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Owling Adventure

"I didn't even get cold because it was SO COOL!" reported one of our second-grade friends who spent a night owling at Blandford Nature Center last week. And all the other second-grade heads bobbed in agreement; the second-graders were so engrossed in their owling adventure that they didn't even notice the cold! We posted a number of pictures on Facebook about this and you can view our album here.

Both second-grade classes met up in the dark at Blandford Nature Center for their owling adventure. We spent some time with Mrs. Staal, Blandford's Environmental Education Consultant (and WSCS parent) learning about and meeting some owls.

We learned that owl feathers are fluted so they can soar silently through the air, and compared them to turkey vulture feathers, which have stiffer edges for strength - a visual reminder that God makes animals with exactly what they need to survive in the natural world! We learned about their talons and how they use them to catch prey, and we saw owl pellets and learned about how owls eat their prey whole and then vomit back up for and bones and the like. Did you know that their ears are surrounded by feathers, and one is higher than the other? That helps them hear better!

One brave second-grader coaxed into getting his picture taken next to an owl noted that he was "only scared for second" to be that close to it!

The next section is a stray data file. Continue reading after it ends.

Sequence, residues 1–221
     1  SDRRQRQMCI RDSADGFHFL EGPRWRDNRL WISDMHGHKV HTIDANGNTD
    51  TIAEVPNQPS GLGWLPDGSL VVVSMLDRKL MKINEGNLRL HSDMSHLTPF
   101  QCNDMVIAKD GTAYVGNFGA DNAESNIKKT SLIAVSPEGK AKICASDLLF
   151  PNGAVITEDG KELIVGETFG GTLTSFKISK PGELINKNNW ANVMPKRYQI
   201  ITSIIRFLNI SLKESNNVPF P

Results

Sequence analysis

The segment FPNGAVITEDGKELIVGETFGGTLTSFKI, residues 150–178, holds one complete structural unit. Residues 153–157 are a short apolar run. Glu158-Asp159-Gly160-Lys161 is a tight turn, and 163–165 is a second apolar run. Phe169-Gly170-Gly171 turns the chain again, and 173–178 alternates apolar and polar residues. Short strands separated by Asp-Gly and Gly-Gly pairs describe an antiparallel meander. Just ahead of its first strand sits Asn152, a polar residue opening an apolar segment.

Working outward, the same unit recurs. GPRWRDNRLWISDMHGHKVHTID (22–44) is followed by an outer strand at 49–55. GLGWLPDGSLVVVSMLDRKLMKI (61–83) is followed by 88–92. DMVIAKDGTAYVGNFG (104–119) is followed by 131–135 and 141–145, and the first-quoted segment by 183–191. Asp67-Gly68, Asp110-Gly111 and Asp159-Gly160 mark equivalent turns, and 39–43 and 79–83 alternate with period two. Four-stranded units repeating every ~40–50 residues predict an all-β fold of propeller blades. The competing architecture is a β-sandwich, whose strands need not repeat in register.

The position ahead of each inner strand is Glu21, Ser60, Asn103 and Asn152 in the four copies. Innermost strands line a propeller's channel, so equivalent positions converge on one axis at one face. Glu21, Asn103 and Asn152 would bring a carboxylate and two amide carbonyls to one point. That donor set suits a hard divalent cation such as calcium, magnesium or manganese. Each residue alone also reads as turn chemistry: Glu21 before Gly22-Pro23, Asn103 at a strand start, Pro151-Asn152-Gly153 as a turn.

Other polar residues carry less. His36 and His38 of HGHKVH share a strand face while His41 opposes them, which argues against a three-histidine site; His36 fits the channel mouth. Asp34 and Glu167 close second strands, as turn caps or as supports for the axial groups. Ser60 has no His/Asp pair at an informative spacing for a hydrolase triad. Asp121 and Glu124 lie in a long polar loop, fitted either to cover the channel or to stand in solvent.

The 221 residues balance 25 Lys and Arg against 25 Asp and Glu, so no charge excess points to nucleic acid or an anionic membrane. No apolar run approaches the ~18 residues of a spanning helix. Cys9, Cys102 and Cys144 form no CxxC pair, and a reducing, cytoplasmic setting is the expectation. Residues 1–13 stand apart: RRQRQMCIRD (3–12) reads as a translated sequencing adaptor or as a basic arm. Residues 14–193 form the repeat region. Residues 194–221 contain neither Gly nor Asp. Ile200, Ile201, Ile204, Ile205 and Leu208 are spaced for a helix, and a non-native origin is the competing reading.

We then headed outdoors to look and listen for owls! We went owling at night because, as we learned, owls are nocturnal. As mating season for owl species approaches, we're also more likely to hear their eerie calls. Later in the month we should not go owling because we do not want to interfere with their nesting behavior.

"We went deep into the woods!" recalled a second-grader about our trek that night! Off in the distance we heard the barred owl. Named for the stripes or bars on their buff-colored undersides, it was easily identified with its sound like "Who cooks for you? Who cooks for you-all?"

Walking through the dark night, the second-graders recalled having to be "quiet and brave!"

Blandford also has a resident female great horned owl named Katherine. Her mate still visits and watches over her. So we made the sound of the call (and you can listen to that call on Instagram @wscsgr) and waited, and we made the call again...then the loud, low call of the male great horned echoed through the Beech Maple forest! It sounded like a melancholy "hoo-hoo hoooo, hoo, hoo." And then we saw it fly overhead!

What was especially exciting as their teachers was to see the second-graders make connections while on our outdoor adventure to what we've been studying in our classroom. The students have been searching for metaphors and similes within the text of the book Owl Moon, and we saw them connect back to our literacy lessons while owling. "The snow looks as white as cereal in a cereal bowl" - a metaphor used on purpose!

They also spent time graphing the sizes of different types of owls and researching online the different types of owls. As a result of those learning experiences and their owling adventure, the students will put their learning and experiences to good use. At school the next day they wrote their own personal persuasive paragraph, trying to convince their parents to take them owling!

Outdoor education literally means we teach and learn outdoors - but it's more than that. It also means that outdoor elements and themes are brought indoors and shape students' learning about math and social studies and literature too. And that's exactly what our owling adventure was!

Nature Based Preschool
Teachers as Learners - Nature Based Preschool

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